The working title of Wrong Again was Just the Reverse, a reference to the 180-degree hand-twist gesture that is a running gag throughout the film. Laurel and Hardy historian Randy Skretvedt writes that the gesture was a running gag around the Hal Roach Studios: creative sparkplug Leo McCarey would remind the writers that a dramatic episode could be infused with comedy by applying just a twist to make it funny. The gesture became a staple of writer-to-writer communication around the studio.[1]

The stable scenes were shot at a Los Angeles sports complex, polo field and ranch known as The Uplifters in Rustic Canyon.[1]

Critical response

Wrong Again is one of the several silent Laurel and Hardy short films that were made with a synchronized music and sound effects track; after its initial theatrical run in 1929, it was rarely seen, and was overshadowed by the sound films. It would eventually be available in a home-edition 8mm or 16mm film, and, as such, almost always without its soundtrack.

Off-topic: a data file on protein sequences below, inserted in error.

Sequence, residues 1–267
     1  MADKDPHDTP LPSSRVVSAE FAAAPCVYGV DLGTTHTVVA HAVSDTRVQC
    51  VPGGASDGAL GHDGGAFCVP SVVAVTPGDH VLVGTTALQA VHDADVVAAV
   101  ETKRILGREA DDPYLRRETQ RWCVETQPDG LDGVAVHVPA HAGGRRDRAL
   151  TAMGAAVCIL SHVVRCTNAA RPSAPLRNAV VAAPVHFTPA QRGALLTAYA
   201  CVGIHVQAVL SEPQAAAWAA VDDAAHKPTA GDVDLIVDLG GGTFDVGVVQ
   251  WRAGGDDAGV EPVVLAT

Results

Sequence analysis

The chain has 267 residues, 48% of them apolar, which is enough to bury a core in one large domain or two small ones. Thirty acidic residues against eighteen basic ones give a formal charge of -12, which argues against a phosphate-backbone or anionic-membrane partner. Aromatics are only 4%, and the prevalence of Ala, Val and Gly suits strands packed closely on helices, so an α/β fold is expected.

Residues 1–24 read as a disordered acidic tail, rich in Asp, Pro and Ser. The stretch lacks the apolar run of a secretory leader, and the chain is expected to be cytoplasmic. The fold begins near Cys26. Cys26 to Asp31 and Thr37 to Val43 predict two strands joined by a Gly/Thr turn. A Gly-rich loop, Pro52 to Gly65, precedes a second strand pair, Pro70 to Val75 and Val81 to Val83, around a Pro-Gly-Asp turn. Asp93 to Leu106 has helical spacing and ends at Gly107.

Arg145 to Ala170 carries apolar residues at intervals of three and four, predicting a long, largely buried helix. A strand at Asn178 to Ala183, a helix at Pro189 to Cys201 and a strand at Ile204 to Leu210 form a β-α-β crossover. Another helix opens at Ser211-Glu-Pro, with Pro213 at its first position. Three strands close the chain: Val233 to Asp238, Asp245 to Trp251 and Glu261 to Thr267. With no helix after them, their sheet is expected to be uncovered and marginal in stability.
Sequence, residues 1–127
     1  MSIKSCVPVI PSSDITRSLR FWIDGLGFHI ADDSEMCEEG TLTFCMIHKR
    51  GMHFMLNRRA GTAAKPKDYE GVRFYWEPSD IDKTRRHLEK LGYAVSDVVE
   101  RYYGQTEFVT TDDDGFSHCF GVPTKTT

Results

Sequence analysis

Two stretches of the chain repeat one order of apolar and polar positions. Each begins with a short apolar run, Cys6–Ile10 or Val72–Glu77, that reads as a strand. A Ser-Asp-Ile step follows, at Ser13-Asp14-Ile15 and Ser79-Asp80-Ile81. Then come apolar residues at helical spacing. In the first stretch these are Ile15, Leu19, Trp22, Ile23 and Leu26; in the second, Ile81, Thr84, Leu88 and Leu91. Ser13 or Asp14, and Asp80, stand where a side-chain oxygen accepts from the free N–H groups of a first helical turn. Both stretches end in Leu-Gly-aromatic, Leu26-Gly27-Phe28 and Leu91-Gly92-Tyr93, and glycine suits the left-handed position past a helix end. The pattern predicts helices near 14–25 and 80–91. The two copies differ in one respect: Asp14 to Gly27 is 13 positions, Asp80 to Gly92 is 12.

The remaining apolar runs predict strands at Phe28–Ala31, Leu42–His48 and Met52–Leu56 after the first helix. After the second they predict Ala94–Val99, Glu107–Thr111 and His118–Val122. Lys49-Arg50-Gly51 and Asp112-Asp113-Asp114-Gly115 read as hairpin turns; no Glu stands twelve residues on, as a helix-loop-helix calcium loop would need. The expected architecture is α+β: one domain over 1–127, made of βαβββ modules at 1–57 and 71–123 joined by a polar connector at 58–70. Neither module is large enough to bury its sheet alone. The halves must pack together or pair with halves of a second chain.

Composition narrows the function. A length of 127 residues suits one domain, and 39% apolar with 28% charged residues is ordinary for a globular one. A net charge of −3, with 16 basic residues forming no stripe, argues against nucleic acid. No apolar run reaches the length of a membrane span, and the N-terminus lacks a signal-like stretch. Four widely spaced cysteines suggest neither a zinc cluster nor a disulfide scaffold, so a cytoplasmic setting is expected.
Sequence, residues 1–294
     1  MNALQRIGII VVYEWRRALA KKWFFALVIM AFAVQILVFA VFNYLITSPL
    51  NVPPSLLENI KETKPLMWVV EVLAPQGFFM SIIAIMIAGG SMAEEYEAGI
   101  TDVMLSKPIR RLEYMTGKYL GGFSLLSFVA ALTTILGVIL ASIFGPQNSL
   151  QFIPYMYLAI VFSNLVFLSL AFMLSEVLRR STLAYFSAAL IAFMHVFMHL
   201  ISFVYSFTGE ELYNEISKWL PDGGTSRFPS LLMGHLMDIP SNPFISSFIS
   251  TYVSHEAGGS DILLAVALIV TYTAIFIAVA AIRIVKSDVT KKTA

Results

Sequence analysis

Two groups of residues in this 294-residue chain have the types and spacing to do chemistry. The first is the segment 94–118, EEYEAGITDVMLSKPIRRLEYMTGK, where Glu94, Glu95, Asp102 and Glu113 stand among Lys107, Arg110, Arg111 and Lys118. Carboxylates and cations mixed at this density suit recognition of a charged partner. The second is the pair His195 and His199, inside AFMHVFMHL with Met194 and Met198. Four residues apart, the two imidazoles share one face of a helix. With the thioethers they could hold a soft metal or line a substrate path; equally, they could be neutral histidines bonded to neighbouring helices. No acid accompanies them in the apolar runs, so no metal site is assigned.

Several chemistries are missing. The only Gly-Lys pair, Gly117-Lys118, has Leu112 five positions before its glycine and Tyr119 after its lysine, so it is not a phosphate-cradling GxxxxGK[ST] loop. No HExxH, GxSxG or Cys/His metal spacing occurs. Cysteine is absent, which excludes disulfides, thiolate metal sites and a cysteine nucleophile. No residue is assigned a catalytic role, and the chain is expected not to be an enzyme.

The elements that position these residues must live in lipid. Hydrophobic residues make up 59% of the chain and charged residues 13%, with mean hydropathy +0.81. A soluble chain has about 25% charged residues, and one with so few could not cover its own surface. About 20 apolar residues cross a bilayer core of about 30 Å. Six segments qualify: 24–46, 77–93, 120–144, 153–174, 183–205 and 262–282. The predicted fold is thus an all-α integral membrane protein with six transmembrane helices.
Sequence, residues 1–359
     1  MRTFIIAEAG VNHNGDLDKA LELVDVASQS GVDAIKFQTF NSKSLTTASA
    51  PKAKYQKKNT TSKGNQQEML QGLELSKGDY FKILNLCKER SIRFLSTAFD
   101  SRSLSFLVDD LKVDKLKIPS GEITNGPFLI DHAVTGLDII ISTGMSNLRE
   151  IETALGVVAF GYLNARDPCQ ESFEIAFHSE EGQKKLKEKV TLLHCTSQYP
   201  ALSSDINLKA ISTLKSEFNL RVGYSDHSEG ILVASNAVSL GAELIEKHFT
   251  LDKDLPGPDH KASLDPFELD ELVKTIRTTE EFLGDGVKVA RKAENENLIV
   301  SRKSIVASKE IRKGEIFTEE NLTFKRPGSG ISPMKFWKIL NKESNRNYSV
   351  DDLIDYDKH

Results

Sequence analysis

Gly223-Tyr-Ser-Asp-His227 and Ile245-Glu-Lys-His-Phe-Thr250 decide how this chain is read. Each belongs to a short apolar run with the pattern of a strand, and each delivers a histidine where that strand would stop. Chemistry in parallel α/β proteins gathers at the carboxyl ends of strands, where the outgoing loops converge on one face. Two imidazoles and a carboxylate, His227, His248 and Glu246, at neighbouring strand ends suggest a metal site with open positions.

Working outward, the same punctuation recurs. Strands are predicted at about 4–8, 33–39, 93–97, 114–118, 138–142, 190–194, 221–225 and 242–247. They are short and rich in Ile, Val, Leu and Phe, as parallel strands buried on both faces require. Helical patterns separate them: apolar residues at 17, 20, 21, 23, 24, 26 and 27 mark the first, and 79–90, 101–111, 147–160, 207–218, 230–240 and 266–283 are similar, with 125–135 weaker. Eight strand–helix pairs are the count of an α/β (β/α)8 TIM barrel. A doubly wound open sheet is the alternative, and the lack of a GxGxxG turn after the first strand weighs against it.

Critic William K. Everson was among the first to cast a critical eye on the Laurel and Hardy films. Writing of Wrong Again in 1967, "An off-beat comedy that can only be seen at a disadvantage now in that it was made as both a silent and limited sound release, and undoubtedly paced for sound. Today [1967] only the silent version survives, and at times seems awkward and unsure of itself. Nevertheless, it has some very funny moments.... There is a semi-surrealistic quality to many of the sight gags in Wrong Again."[2]

Silent film authority Bruce Calvert commented, "This entertaining film is one of Laurel and Hardy's most bizarre,"[3] while prolific critic Leslie Halliwell takes the opposite stand: "Pleasing but not very inventive star comedy."[4]

Glenn Mitchell added Wrong Again is among the most original Laurel and Hardy comedies, its gags alternately bizarre, risqué and imaginative knockabout.... The best copies of Wrong Again incorporate a restored disc accompaniment from the original release. The skilled orchestral arrangement and appropriate sound effects transform the film into a minor masterpiece, reminding modern audiences of the way silent films were presented at their zenith."[5]


  1. ^ a b Skretvedt, Randy, 1996. Laurel and Hardy: The Magic Behind the Movies. Beverly Hills, CA: Past Times Publishing. ISBN 0-940410-29-X
  2. ^ Everson, William K. (1967). The Films of Laurel and Hardy. Secaucus, NJ: Citadel Press. ISBN 0-8065-0146-4, p. 76
  3. ^ Calvert, Bruce at,
  4. ^ Walker, John, ed. (1994). Halliwell's Film Guide. New York: HarperPerennial. ISBN 0-06-273241-2, p. 1329.
  5. ^ Mitchell, Glenn (1995). The Laurel & Hardy Encyclopedia. London: B.T. Batsford Ltd. ISBN 0-7134-7711-3., p. 293

External links

This page was last edited on 10 September 2022, at 23:35